article appearing in
Radio Romania International
6 June 2009
The Bran Castle is one of the most important tourist venues in Romania, known across the world because of its association with Dracula, the famous character invented by the Irish writer, Bram Stoker.
According to Forbes magazine, the castle was the second most expensive residential building in 2008, being evaluated at 140 million dollars. Located between the Bucegi and the Piatra Craiului mountains, 30 kilometers from Brasov, the castle is visited by hundreds of thousands of tourists every year. It was built by a Teutonic knights order known as Dietrichstein in the early 13th century, more exactly in 1212.
The castle’s name, Bran, comes from Slavic and means 'gate', which indicates that it once served as a fortress, a gate in the Southern Carpathians through which you go to Transylvania. The castle is called Torzburg in German and Torcsvar in Hungarian, which, according to historians, indicates the presence of a Turkish population in the area, most probably Cumans. The Bran Castle was strategically erected on a cliff. It's almost certain that the fortress built by the Teutonic Knights was made of wood.
Proof thereof is a document issued in 1377 by the Hungarian king Louis I of Anjou (1342-1382), in which he granted the Szecklers in Brasov the right to build a new stone fortress in Bran at their own expense and with their own labour. As early as the 13th century, the area around the Bran fortress was placed under the jurisdiction of the royal district of Alba Iulia.
In 1395, Sigismund of Luxembourg, German emperor and king of Hungary, used the Bran castle as the starting point for an incursion into Wallachia to oust the then ruler of Wallachia, Vlad the Usurper, Mircea the Elder’s rival. In 1407, in appreciation of their strong alliance, Sigismund offered Mircea the Elder the Bran and Bologa castles. The Bran castle remained under Wallachia’s jurisdiction until 1419, the year after the death of Mircea the Elder.
In 1427 Bran became the property of the Hungarian crown and underwent upgrading and expansion works. In 1498 the Hungarian royal house leased out the Bran fortress to the city of Brasov. On December 1st, 1920, the Bran Castle was donated by the local administration in the city of Brasov to Queen Maria of Romania, the grandmother to Dominic of Habsburg, in recognition of her contribution to the Great Union of 1918. Until 1927 it underwent upgrading works, under the coordination of the Royal House architect Carol Liman, who designed it as a summer residence.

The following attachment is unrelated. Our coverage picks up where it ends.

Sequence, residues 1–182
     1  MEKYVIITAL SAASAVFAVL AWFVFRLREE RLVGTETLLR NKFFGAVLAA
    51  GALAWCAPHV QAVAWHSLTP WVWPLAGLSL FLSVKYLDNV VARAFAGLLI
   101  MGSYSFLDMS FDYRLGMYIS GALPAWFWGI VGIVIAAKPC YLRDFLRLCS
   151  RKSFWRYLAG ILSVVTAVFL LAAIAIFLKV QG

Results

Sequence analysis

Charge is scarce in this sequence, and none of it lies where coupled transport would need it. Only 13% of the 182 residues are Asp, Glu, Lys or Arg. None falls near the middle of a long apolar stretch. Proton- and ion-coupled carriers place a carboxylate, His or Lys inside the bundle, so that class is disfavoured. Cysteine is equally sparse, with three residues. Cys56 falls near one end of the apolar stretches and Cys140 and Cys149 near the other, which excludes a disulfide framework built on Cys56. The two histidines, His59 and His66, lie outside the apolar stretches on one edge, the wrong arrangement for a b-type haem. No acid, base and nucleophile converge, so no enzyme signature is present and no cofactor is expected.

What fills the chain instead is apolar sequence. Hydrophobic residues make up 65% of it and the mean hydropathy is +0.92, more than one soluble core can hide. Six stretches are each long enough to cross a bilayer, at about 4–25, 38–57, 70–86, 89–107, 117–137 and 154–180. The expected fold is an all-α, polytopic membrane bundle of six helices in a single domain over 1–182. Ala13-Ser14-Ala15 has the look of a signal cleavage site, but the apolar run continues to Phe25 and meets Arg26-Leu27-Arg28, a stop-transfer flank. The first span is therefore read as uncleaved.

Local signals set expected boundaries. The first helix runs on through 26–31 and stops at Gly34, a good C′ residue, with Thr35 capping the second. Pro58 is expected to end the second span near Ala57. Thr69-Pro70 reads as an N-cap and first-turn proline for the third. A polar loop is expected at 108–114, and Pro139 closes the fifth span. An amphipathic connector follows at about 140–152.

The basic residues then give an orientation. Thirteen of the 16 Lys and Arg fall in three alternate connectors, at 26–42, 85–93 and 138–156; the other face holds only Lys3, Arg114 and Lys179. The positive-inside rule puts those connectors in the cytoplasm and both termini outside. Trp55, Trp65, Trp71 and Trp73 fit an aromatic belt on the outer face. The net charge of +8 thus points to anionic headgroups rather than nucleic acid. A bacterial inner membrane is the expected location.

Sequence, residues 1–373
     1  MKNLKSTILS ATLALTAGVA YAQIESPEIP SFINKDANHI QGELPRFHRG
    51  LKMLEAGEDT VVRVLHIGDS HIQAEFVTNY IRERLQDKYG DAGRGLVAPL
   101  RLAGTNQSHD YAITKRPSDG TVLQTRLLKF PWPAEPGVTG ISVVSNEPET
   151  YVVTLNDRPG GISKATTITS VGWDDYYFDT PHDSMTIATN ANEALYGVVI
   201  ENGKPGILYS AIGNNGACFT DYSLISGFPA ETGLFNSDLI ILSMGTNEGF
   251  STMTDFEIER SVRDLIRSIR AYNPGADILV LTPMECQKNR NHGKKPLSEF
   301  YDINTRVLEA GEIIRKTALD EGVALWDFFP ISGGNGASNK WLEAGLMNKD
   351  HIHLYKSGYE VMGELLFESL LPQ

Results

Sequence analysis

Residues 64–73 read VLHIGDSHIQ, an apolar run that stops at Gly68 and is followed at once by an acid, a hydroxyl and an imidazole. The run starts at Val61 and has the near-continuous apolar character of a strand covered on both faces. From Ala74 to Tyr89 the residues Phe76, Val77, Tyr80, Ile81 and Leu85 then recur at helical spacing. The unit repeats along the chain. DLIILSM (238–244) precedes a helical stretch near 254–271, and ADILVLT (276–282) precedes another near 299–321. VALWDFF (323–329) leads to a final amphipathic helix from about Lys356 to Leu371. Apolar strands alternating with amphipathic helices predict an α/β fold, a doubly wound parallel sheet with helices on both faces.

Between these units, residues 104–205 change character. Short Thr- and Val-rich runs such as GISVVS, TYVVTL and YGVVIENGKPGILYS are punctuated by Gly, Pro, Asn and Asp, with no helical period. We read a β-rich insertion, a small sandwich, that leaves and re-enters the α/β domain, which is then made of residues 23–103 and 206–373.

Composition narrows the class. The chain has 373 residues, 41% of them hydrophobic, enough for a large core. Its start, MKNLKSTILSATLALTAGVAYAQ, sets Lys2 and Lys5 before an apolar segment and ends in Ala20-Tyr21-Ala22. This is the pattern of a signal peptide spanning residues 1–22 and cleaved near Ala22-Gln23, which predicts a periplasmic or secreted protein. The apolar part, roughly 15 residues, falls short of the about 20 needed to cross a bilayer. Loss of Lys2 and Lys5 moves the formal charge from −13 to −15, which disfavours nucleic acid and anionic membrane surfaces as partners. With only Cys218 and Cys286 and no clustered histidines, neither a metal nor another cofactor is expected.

Also in the inter-war period, a Tea House was erected. It was in that period that the castle was supplied with running water from a wheel 57-meter deep and electricity provided by an electric plant with turbine. Later, in about 1932, this plant would also supply electricity to the villages of Bran, Simon and Moeciu. Queen Maria left the Bran castle to her daughter, princess Ileana, sister of King Carol the 2nd, who owned it until 1948.
It was later seized by the communist regime after the expulsion of the royal family, in 1948, and abandoned. In 1956 the castle was turned into a museum of medieval history and art. The 17 rooms on its four floors hosted collections of ceramics, furniture, weapons and armory. The castle also boasts a small open-air museum of Romanian peasant structures, crafts and traditions. The fame of the Bran Castle is connected to the modern myth that it was once the home of Vlad the Impaler, ruler of Wallachia, known as Dracula.
However, there is no historical evidence to support it. In fact, the Irish writer, Bram Stoker, who invented the character of vampire Dracula, placed his residence somewhere in north-eastern Transylvania and not in the south, where the Bran castle is located. The legend has proved more powerful than the historical truth, so the Bran Castle is seen as the place where Vlad the Impaler lived for a while. For that reason, the American film Interview with a Vampire was shot there in 1994.